I love movies and books about the mystical nature of religion. Constantine, Stigmata, The Seventh Seal, The Prophecy…I just cannot resist them. The other day I watched a movie trailer for Legion, in which God sends his angels to exterminate the world’s population. The archangel Michael (played by the wonderful Paul Bettany) is the only one standing between mankind and the apocalypse. I whispered, “Ooh, I want to see that.” My teenager, sitting next to me, frowned. “If God’s tired of humanity,” he mused, “why go to all the trouble of sending the battling angels? Why doesn’t He just snap His fingers and make the people disappear?”
He was right. If an omnipotent being is tired of his creation, why would he bother with the trouble of watching them run and scream and die? Isn’t that a lot of effort for no real return? This is the problem of using an omnipotent being and trying to limit it.
Religion is an important part of worldbuilding, and you should probably give it at least as much thought as your magic systems. Every culture in our real life has its own beliefs and rituals, some rudimentary, some highly sophisticated. It has great influence over some societies, while others treat it as just another thing to do. In your fantasy culture, it’s up to you, the author, to decide how much power the religious community and the god they worship wield, and then to display that power properly in the narrative. Even if your characters aren’t particularly religious, it’s a good idea to weave those aspects into the story, for depth and richness. My pirates, for example, occasionally mention a god or two, but there’s no real devotion shown to them. I, the author, know exactly who those gods are, what their spheres of influence include and what they can be expected to do when their worshippers ask. It didn’t come into play in the story, so the reader didn’t see it. But I definitely know.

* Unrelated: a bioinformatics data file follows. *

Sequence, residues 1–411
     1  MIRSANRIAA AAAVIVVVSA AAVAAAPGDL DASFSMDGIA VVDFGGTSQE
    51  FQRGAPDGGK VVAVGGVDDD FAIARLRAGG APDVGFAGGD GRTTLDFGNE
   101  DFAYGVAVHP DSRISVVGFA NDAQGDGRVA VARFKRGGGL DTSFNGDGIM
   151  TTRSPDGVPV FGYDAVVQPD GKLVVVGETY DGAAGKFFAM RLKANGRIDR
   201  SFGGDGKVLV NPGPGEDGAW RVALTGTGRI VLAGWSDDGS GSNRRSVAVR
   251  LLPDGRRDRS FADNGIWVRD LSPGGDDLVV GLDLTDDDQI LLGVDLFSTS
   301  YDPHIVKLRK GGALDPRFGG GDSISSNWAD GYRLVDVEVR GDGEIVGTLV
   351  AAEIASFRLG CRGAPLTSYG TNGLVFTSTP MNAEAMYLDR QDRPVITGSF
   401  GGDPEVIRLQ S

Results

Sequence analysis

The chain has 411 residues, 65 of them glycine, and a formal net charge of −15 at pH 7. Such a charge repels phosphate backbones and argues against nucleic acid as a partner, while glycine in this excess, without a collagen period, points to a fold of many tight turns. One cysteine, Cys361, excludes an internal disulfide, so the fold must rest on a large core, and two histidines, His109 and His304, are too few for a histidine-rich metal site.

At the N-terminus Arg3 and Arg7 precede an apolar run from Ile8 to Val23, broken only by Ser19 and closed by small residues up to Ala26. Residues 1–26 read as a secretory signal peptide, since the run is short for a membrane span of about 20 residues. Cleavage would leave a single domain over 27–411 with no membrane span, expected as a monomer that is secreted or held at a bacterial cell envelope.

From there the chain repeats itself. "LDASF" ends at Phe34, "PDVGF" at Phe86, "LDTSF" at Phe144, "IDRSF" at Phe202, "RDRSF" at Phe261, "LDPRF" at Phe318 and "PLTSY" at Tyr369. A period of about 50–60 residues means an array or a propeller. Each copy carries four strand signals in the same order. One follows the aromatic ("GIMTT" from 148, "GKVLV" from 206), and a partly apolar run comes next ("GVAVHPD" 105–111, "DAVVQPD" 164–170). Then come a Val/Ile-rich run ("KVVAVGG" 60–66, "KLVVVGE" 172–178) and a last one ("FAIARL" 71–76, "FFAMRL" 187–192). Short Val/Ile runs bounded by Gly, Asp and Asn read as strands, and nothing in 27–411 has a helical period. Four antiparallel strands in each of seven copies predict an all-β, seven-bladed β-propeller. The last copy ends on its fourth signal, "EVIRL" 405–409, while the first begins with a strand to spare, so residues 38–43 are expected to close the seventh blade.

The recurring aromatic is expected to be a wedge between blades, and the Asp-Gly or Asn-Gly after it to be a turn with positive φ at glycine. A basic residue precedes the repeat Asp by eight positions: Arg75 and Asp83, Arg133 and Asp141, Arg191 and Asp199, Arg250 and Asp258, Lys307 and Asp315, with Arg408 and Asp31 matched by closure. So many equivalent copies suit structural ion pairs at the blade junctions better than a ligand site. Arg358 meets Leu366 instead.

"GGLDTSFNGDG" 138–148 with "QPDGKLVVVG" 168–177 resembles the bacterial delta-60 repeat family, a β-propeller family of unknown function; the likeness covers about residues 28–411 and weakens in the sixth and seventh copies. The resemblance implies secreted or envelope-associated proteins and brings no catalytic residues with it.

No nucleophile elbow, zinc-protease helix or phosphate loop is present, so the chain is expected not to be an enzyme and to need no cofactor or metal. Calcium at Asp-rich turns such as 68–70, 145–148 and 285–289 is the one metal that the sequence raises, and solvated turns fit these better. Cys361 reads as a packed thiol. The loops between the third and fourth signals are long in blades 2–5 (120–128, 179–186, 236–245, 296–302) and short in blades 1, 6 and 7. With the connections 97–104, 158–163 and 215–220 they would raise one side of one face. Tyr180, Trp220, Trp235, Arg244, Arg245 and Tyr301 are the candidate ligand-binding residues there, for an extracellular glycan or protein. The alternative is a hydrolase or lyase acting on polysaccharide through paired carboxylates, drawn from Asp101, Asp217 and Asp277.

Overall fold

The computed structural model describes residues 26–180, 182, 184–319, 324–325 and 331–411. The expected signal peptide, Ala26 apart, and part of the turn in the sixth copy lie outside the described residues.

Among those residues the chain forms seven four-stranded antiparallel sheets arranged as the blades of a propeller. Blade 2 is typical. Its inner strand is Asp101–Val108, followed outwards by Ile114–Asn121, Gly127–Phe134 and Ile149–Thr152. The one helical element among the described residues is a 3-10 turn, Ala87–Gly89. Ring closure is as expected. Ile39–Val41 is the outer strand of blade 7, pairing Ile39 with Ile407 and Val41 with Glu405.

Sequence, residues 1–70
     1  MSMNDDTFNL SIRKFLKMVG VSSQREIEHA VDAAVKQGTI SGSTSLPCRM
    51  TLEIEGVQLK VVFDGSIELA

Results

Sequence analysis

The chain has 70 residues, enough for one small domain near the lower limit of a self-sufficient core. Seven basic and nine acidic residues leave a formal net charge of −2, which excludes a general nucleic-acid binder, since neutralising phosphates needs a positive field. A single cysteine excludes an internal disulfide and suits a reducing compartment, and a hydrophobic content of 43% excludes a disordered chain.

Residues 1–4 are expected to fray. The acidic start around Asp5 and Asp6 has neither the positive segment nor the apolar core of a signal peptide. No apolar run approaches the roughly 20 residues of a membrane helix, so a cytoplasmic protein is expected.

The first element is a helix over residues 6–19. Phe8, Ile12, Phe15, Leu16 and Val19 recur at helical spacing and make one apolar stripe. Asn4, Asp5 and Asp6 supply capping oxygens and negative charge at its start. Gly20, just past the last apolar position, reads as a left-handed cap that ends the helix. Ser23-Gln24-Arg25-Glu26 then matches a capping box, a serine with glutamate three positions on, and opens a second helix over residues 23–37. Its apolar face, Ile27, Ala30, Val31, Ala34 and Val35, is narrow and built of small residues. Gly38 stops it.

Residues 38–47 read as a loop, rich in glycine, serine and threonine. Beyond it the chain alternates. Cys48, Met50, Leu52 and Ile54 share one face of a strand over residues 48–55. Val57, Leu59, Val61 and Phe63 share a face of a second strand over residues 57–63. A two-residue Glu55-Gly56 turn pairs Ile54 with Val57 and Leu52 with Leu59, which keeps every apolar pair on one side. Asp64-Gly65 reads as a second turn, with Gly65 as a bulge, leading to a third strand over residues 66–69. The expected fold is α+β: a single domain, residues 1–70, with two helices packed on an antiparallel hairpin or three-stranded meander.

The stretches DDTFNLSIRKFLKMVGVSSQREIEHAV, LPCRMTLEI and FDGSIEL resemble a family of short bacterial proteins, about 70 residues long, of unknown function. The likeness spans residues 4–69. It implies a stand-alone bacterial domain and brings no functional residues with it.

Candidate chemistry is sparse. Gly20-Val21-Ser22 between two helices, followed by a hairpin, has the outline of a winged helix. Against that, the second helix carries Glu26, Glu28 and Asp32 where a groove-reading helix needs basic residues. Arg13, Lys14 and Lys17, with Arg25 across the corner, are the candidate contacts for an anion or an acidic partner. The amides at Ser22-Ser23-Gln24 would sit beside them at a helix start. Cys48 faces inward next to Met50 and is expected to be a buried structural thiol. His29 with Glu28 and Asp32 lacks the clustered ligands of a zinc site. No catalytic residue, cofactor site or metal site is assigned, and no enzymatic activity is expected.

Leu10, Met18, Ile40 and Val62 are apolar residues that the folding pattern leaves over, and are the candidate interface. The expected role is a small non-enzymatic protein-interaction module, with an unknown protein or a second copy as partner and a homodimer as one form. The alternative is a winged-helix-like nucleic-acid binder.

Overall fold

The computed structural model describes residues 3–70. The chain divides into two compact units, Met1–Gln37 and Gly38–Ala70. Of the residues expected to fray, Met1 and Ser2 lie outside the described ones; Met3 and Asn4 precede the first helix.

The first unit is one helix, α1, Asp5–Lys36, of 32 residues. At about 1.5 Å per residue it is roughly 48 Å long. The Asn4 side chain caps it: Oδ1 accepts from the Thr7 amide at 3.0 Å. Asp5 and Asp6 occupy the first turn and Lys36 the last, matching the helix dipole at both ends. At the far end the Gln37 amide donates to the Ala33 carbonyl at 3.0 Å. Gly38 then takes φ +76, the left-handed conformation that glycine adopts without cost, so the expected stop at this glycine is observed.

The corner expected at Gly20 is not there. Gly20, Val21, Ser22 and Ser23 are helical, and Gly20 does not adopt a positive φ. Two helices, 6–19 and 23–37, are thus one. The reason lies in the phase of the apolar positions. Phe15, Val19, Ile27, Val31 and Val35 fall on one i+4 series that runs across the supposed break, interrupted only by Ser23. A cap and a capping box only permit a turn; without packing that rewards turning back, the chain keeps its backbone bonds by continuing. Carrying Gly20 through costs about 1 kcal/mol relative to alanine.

So how powerful do you want your gods to be? This depends entirely on how the story needs to play out. There’s nothing wrong with using a god as a character, or for human characters to call upon and employ a god’s power. But think about that whole omnipotence problem I mentioned earlier. If your god is so powerful that he can do anything and everything, it might not make a lot of sense for him to bother with sending others to do his bidding. Takes more energy that way, you know. If you do come up with a reason for an omnipotent being to take the long way around to reach his ultimate goal, be sure you make it clear in the narrative.
And making the god’s avatar look like Paul Bettany doesn’t hurt.